Put together a scrapbook of your child’s most important milestones: his birth, his baptism, and his most important activities. Give it to him as a graduation present and leave the last page blank. At the top of the page write something like “My Goals” or “What’s Next” and invite your child to write about what he sees in his future and what he’d like to accomplish in the next five years.
Give a graduation gift that will demonstrate you support her independence. You could give her jumper cables for if she’s ever stranded, a long-distance calling card for calling home, a credit card with a modest limit in case of emergencies, a cookbook with simple recipes for cooking for just one or two, an inspirational book to encourage her to set goals, or a day planner, PDA, or calendar for organization.
Share your journals from college and your mission with him. Take some time to tell him about your experiences in college and on your mission. Show him pictures and talk about your experiences and friends. Ask him what he’s interested in studying and what he wants to be “when he grows up.” Ask him how he feels about serving a mission and tell him why you feel it’s important. If you didn’t go on a mission or to college, tell him what you were doing at that time and how your experiences helped shape your life.
When addressing the topic of milestones, nothing will be quite as monumental in your child’s life as the day he makes sacred covenants in the temple to be sealed to his wife for time and eternity. He’ll always remember this day, as it is the first step that will lead him to begin marking milestones in his own family. Remember to keep in mind the sacredness of this event when marking it in your family.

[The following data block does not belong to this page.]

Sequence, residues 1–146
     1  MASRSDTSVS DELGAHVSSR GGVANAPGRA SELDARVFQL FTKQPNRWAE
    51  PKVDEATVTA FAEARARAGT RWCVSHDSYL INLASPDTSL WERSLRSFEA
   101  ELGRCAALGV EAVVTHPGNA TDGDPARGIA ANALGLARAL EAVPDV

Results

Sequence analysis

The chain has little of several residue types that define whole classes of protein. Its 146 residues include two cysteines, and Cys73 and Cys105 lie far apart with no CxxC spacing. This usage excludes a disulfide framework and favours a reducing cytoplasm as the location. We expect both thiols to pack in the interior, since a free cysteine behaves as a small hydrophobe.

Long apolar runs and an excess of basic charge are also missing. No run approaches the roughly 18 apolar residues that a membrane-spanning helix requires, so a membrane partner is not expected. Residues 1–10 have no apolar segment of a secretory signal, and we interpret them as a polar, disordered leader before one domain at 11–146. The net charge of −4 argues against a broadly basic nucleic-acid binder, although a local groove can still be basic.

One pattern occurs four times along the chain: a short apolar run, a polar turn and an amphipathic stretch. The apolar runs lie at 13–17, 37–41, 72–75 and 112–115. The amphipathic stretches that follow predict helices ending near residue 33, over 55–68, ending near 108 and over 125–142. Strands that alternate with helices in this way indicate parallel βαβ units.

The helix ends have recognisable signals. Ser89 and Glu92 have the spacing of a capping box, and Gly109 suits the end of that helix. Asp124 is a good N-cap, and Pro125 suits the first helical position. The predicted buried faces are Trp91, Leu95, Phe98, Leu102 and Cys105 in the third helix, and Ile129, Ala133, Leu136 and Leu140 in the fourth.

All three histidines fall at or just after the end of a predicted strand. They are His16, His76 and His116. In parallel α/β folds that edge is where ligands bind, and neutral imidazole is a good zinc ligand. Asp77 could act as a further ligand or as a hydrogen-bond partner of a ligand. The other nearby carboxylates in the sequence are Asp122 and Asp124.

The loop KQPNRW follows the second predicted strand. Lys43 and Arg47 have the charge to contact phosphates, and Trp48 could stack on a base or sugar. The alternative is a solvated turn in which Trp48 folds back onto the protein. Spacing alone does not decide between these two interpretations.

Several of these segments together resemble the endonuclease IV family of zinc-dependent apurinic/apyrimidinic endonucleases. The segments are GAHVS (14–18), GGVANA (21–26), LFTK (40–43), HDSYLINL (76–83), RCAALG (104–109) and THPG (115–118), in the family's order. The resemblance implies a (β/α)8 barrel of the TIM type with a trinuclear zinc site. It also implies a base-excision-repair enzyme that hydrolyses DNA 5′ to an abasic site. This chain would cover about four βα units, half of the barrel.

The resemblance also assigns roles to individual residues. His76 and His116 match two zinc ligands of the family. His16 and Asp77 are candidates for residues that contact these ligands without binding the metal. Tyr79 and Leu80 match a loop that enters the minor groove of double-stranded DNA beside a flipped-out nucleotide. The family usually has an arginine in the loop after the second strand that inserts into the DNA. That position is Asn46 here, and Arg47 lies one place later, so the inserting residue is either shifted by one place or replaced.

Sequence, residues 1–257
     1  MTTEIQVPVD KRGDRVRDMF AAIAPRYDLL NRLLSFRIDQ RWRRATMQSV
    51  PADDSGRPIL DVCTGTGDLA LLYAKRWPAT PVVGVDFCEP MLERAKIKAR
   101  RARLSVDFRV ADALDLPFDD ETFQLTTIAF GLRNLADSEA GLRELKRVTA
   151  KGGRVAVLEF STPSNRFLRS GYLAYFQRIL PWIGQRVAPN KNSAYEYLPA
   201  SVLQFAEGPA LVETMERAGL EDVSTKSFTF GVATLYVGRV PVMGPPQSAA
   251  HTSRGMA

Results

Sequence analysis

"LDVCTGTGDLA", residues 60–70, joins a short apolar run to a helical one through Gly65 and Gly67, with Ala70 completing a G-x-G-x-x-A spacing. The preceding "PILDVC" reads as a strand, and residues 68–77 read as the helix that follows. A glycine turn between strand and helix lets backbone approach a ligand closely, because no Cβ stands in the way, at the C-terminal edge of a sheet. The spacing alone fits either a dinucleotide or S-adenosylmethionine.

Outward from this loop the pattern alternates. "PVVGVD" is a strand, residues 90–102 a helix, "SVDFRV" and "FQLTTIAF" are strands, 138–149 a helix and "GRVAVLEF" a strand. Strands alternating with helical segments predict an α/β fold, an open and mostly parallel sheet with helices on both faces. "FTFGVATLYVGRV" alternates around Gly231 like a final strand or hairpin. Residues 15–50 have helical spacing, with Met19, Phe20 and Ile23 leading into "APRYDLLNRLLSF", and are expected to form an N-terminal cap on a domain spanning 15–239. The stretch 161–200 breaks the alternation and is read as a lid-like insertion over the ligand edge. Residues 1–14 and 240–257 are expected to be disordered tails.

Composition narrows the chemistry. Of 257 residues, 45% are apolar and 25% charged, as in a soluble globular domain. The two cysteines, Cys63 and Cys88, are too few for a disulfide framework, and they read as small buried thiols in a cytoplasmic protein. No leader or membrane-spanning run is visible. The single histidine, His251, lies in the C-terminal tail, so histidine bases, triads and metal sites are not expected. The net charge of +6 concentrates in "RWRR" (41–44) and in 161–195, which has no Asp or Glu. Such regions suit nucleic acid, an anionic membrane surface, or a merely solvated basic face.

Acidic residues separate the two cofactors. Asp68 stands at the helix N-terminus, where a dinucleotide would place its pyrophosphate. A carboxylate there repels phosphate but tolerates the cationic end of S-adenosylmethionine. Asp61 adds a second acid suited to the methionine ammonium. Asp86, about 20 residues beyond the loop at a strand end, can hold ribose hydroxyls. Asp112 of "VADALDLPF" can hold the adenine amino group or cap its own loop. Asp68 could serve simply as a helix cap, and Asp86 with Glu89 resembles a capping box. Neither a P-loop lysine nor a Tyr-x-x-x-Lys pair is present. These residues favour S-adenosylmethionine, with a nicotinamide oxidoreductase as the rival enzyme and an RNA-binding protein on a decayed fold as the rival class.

As soon as the engagement is announced, begin reading a book together about the temple for family home evening such as The Holy Temple by Boyd K. Packer. Give this book to your child as an engagement present with your testimony of the temple written in the front.
Buy or make your temple clothes together. If your child does not already have a temple dress, go to the fabric store to pick out a pattern and fabric together. Work together to make the dress while you express your testimony of the temple to your daughter. Or, plan a trip to a retailer or distribution center to buy the dress and clothing together.
Passing it Along
Ask any new grandparent “where the time went” and they probably won’t have a very clear answer for you. The process of watching your child from birth to marriage is one that most parents will say flew by in the blink of an eye. That’s why it is so important to make lasting memories of the most important occasions.
Not only that, marking these special events provides a foundation for children. They’ll remember how much love and attention they were given at each milestone, and they’ll want to give their own children a similar experience. Consequently, by marking these moments in a special manner now, you’ll really be marking them also for future generations for years and years to come.